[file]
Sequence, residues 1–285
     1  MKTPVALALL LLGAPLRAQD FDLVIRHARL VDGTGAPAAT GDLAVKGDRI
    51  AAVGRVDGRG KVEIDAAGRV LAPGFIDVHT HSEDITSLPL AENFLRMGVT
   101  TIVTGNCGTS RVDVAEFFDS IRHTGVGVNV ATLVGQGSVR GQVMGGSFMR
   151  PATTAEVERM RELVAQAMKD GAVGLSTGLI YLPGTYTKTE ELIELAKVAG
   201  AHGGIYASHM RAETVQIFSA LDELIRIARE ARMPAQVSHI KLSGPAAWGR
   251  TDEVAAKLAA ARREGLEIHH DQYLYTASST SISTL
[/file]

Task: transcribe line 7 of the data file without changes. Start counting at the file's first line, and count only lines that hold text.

   251  TDEVAAKLAA ARREGLEIHH DQYLYTASST SISTL